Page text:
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Math Help - calculus - population model/de

  1. #1
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    Exclamation calculus - population model/de

    having so much trouble with de's in general! i think it's a linear de, but really stuck! please help:

    dp/dt = -50 + 15p - p^2

    thanks in advance!
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  2. #2
    Super Member flyingsquirrel's Avatar
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    Hello

    There is a p^2 in the expression so the equation is not linear. However, the two variables p and t can be separated : \frac{\mathrm{d}p}{p^2-15p+50}=-\mathrm{d}t and we'll get the solution by integrating the both sides.

    To achieve this, one needs to make appear a derivative on the LHS. As the denominator contains a p^2, one can try to transform \frac{\mathrm{d}p}{p^2-15p+50} into \mathrm{constant}\cdot\frac{\mathrm{d}u}{1+u^2} which anti-derivative is \mathrm{constant}\cdot \arctan u. Hence solving this problem boils down to finding u. Do you have any idea on how this can be done ?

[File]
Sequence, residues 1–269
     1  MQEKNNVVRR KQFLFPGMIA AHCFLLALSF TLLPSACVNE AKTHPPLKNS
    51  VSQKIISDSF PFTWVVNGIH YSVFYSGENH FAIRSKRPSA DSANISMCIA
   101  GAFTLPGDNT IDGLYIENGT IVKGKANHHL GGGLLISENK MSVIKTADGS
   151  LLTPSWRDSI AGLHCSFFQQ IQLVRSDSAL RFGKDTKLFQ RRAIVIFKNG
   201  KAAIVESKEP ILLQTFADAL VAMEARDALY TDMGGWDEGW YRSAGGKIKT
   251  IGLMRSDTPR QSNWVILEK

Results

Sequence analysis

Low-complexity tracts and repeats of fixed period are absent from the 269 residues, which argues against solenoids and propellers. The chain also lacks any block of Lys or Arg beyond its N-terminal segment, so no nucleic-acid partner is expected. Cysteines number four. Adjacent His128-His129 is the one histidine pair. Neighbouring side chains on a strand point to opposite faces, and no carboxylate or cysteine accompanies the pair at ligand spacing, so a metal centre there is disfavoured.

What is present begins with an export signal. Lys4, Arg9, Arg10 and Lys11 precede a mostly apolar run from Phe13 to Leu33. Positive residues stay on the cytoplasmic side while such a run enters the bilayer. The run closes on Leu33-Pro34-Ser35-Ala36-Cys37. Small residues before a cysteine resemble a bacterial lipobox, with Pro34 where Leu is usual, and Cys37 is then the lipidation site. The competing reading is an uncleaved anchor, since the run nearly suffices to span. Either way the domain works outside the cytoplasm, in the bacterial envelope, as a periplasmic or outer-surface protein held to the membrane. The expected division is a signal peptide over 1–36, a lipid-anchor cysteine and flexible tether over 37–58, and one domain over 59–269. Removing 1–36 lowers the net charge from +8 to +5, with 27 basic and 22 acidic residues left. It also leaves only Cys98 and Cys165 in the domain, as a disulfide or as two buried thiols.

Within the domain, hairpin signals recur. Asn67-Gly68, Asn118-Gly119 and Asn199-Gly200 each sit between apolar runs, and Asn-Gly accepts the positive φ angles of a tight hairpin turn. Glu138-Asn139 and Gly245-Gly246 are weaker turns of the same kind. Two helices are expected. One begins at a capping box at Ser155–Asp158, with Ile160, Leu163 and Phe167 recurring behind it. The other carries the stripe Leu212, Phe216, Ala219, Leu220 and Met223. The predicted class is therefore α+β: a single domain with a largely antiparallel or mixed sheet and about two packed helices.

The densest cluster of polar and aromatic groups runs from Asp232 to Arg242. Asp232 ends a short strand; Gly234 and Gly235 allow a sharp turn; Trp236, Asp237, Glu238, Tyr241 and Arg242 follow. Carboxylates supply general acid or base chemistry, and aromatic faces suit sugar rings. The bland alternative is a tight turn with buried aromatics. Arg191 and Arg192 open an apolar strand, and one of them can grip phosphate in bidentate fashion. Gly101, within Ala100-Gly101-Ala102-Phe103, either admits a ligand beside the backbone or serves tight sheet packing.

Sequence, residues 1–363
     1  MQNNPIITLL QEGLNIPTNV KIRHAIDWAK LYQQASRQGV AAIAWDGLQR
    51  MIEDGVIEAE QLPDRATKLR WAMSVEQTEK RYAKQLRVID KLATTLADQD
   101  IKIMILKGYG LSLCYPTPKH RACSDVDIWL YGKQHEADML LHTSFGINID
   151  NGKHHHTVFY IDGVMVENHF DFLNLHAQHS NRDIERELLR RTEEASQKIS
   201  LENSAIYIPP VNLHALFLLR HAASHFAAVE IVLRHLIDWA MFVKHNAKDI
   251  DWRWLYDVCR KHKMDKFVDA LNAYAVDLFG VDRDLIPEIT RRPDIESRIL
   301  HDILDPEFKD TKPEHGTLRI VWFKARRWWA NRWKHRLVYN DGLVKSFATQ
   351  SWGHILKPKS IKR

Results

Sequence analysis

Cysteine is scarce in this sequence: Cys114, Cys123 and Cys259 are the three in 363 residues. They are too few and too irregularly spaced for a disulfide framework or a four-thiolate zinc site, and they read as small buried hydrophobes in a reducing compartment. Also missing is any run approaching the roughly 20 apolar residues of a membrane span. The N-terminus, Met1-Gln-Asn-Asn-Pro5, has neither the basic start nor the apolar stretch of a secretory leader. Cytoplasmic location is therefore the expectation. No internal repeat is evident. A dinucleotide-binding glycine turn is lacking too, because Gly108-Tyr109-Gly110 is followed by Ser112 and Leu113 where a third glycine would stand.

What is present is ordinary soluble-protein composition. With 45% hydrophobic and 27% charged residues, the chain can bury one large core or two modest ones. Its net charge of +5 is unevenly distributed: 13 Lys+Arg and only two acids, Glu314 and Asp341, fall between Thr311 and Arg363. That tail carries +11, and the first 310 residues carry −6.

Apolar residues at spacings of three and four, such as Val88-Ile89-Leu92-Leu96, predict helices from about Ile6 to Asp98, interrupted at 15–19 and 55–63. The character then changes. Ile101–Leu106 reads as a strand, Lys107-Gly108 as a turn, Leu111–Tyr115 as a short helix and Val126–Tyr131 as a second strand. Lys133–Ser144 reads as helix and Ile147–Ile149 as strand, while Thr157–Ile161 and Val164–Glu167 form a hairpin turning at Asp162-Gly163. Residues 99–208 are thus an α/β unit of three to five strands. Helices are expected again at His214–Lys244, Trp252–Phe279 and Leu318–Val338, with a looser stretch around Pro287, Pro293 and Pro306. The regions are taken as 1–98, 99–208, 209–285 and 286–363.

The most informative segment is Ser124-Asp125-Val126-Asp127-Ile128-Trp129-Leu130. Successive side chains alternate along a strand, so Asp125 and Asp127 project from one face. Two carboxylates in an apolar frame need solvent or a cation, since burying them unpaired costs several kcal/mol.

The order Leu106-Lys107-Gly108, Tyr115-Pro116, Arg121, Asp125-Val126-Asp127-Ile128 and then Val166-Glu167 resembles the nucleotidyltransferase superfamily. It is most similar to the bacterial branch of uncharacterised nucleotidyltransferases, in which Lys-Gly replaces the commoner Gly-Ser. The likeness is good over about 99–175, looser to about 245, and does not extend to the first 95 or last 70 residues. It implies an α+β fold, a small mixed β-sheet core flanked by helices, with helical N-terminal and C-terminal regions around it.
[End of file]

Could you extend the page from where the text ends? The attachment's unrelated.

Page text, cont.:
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  3. #3
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    thanks flyingsquirrel.
    well i have no idea, but i thought maybe i could try 'flipping' it as the rhs is in terms of p

    ie. dt/dp = - 1/(p^2 - 15p + 50)
    and then t = - integral[1/(p^2 - 15p + 50)] dp

    does that work? i'm not sure if that is how to start the question
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